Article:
Klinger: I’m with you on the ditch by and large, but I’m not sure what marketing plan would involve the never-ending quagmire of the Vietnam War, a plague of hard drugs, and a general realization that a generation’s utopian dream was nothing more than a mirage. (New Coke maybe?) Look, I understand that this stuff has all become the stuff of legend, and we’ve constructed an easy VH1-style narrative in which A leads to B leads to C, but it clear to me that it wasn’t just Mother Nature on the run in the 1970s. You may be on to something in the sense that the cottage industry of rock ‘n’ roll did become a regular industry, and that was changing the game for everyone. But that doesn’t change the central point we’re left to deal with, which is that Neil Young’s friends were dying.


The sense of real grief Young was feeling comes through in every track here—he clearly felt responsible for guitarist Danny Whitten’s death, having fired him from the band the day he died—and I can’t see how there was much in the way of calculation on Young’s part. (Why he waited so long to release Tonight’s the Night might be another story, but it’s not as if On the Beach was exactly one last grab for the brass ring, so I reckon he was waiting a while for the wounds to scab over.)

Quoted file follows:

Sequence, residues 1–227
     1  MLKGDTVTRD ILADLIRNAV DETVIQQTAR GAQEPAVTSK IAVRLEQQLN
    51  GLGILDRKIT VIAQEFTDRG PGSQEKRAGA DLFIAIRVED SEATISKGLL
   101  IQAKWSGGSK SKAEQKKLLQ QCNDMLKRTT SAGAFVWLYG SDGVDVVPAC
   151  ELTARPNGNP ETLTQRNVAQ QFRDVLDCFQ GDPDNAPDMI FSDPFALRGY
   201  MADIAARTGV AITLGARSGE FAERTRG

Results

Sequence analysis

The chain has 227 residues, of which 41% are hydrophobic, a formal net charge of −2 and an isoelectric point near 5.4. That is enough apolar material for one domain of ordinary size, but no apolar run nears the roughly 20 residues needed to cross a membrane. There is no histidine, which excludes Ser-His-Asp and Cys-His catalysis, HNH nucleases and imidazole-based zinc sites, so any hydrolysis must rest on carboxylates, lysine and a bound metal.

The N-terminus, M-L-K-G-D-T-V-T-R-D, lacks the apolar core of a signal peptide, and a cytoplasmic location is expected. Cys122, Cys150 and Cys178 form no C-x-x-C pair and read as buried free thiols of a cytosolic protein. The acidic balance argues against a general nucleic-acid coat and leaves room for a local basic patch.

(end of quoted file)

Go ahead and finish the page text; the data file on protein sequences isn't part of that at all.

Mendelsohn: I don’t think there was any real calculation on Young’s part. If anything, On the Beach and Tonight’s the Night were a chronicle of Young’s cathartic release. But as he was searching for answers, so were the rest of his generation and he was able to provide the soundtrack to everyone else’s pain and longing by putting his suffering on wax. As an artist, where is he going to turn, if not to his music? And where are we the listeners going to turn, if not to the music?